Judi Dench delights hotel guests with impromptu ABBA performance

Jan 14, 2023
Judi Dench rings in the new year with a special performance. Source: Getty

“National treasure” and legendary actress Dame Judi Dench is the gift that keeps on giving, having recently surprised a lucky group of hotel guests in Scotland with an unexpected live performance.

Just before the clock struck midnight on New Year’s Eve, the 88-year-old Skyfall star took to the piano at the Fife Arms in Braemar, Aberdeenshire, and sang ABBA’s hit song Waterloo with Scottish singer Sharleen Spiteri.

In the clip, we see Dench and Spiteri sharing a piano seat, belting out the hit song before we hear Spiteri say “what a pianist!”

While many fans on social media were thrilled to see the duo’s performances, many were also quick to point out that Dench was faking her piano-playing skills.

Despite speculation that Dench was not actually playing the instrument, Ewan Venters, CEO of Artfarm, which owns The Fife Arms, told BBC Scotland the performance was still a “joyful” way to ring in the new year.

“Judi Dench and Sharleen Spiteri were staying at the hotel and we had an impromptu moment at the piano,” he said. “It was a happy evening with lots of guests and locals clapping.”

He said the duo burst into song just before the new year fireworks. “It was a classic Scottish Hogmanay party at the Fife Arms,” he said. “The hotel was fully sold out, with a four-course dinner and a ceilidh with lots of reeling.”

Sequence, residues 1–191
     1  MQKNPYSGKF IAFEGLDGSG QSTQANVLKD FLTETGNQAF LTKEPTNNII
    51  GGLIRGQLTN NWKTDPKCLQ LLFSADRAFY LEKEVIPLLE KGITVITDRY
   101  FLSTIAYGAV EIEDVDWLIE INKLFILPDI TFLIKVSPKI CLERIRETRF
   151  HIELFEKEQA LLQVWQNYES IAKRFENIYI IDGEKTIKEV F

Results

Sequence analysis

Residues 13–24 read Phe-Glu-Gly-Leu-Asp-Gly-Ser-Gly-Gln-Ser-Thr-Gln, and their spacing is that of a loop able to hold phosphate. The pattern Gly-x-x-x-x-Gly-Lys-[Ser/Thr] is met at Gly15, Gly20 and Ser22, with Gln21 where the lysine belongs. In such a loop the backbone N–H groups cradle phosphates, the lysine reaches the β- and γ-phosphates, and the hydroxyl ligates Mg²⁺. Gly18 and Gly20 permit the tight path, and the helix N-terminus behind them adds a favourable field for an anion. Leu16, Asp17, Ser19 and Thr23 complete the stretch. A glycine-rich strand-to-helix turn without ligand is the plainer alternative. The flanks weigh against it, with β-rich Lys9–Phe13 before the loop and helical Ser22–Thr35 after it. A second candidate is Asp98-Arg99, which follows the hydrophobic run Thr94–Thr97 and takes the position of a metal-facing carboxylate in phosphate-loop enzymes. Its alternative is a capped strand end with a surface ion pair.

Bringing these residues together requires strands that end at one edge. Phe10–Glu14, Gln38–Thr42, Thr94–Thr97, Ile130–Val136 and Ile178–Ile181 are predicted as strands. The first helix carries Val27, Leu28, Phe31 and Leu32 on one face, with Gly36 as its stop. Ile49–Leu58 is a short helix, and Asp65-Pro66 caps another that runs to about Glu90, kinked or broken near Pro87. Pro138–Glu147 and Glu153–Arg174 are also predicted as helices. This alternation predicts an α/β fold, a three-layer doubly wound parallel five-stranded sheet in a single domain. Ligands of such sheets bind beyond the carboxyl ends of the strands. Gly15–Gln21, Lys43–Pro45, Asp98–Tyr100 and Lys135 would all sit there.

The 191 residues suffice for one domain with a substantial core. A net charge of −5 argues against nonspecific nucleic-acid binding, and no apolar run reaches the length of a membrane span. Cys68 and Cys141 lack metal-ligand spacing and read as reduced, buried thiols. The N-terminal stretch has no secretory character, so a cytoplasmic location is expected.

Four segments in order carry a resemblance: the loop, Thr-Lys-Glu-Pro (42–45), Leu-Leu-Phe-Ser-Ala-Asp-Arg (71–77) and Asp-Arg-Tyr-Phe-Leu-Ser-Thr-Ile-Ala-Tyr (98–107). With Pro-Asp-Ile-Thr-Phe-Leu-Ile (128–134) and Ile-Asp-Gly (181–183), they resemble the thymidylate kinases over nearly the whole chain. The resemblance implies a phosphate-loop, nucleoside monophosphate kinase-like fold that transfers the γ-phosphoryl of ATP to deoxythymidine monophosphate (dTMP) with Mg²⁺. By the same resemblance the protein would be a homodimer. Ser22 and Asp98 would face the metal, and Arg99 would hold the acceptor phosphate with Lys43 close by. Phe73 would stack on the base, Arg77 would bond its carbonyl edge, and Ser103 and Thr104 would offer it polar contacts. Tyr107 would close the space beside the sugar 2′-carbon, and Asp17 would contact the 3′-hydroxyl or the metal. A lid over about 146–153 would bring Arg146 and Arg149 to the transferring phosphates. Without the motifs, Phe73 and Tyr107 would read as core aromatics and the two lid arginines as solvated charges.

Dench’s carefree performance comes months after the acclaimed actress wrote a seething open letter to streaming giants Netflix for not clarifying that their hit drama show The Crown was a work of fiction, slamming the programme’s creators for their “inaccurate and harmful account of history” involving the Royal Family.

“The closer the drama comes to our present times, the more freely it seems willing to blur the lines between historical accuracy and crude sensationalism,” Dench wrote.

“While many will recognise The Crown for the brilliant but fictionalised account of events that it is, I fear that a significant number of viewers, particularly overseas, may take its version of history as being wholly true. Given some of the wounding suggestions apparently contained in the new series.

“No one is a greater believer in artistic freedom than I, but this cannot go unchallenged.

“The time has come for Netflix to reconsider — for the sake of a family and a nation so recently bereaved, as a mark of respect to a sovereign who served her people so dutifully for 70 years, and to preserve their own reputation in the eyes of their British subscribers.”


Leave your comment

Please sign in to post a comment.
Retrieving conversation…
Stories that matter
Emails delivered daily
Sign up